The giant, prehistoric kangaroo that once hopped over the Australian landscape may have been wiped out by the first human settlers on that continent, a new study argues. In making this claim, the researchers are entering into a long-running debate over whether Australia’s “megafauna,” which also included marsupial lions and hippo-sized wombats, were driven extinct by the changing climate or by overzealous hunting. And while the new study, which will be published in the Proceedings of the National Academy of Sciences, makes an interesting case for the latter hypothesis, some researchers are not convinced.
Researchers analyzed the teeth of the nearly seven-foot-tall kangaroo, known as Procoptodon goliah, to determine what it ate and drank. Different sources of water and food leave trace amounts of particular types, or isotopes, of hydrogen and carbon atoms, which are deposited in the teeth like a recorded diet. Additionally, tiny patterns of wear give clues about the type of food a given creature chewed. The team concluded that the giant kangaroos fed mainly on saltbush shrubs [BBC News]. These hardy bushes thrive in arid conditions, which makes it less likely that the kangaroos ran out of food as the continent’s climate got hotter and drier.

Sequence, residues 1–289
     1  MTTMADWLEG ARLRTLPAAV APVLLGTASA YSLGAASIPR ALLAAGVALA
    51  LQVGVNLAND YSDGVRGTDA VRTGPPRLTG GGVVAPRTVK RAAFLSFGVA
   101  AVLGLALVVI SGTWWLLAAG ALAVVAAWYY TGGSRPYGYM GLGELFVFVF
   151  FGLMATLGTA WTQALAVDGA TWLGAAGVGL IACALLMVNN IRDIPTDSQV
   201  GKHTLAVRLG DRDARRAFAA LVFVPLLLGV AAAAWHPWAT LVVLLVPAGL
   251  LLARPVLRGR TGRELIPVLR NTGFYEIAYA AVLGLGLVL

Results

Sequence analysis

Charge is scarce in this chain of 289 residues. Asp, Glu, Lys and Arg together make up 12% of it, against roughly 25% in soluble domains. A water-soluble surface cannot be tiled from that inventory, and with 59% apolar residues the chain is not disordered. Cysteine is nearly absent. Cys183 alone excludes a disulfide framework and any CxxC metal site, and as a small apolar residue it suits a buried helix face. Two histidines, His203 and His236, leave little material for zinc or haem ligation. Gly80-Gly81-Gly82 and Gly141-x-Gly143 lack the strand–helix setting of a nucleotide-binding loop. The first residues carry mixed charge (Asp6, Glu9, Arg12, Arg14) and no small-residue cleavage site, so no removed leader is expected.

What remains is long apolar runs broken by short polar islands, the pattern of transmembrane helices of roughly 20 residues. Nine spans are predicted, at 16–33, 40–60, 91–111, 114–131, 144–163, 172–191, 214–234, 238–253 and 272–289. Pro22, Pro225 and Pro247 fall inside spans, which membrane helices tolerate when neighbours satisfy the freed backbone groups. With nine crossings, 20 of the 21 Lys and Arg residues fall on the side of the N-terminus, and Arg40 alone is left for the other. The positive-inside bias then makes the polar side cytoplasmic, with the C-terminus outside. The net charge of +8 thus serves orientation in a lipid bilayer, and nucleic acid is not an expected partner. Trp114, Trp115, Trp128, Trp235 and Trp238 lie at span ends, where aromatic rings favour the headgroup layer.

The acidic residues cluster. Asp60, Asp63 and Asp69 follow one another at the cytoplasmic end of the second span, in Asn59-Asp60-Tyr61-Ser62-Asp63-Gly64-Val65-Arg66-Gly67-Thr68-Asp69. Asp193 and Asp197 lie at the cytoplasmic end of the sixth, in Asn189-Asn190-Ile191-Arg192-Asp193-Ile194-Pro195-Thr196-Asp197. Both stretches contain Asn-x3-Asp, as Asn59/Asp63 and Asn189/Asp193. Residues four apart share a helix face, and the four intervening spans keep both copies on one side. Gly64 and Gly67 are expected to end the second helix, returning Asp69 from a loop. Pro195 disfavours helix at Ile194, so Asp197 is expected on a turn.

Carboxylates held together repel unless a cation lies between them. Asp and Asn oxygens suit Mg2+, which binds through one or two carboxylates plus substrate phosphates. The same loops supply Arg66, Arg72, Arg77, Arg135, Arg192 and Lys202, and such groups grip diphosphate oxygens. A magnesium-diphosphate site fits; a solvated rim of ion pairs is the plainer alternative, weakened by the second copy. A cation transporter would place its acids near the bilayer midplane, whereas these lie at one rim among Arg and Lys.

P. goliah is thought to have gone extinct about 45,000 years ago–that’s 5,000 years after humans are thought to have first arrived in Australia. The high intake of saltbushes would have meant the giant kangaroo drank more water and would have been frequently found at waterholes and therefore vulnerable to hunters. These combined factors led the scientific team to determine that “human hunting was a more likely extinction cause”. Unlike its modern-day relatives, the giant kangaroo was very big and imposing and not as agile. “These were a lot slower and gravitated towards waterholes, so they were basically sitting ducks for the humans,” [The Times], says lead researcher Gavin Prideaux.
Archaeologist Judith Field is one of the skeptics of the new study. Her main concern is that there is no direct evidence showing the kangaroo was hunted by humans. “If you’re going to make any case about humans and these megafauna then you’ve got to have them in the same place in the same time,” she says. “You’ve got to find archaeological sites that have megafauna in them with evidence of butchering. And we just don’t have these,” [Australian Broadcasting Corporation].
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Image: Peter Trusler/Australian Postal Corporation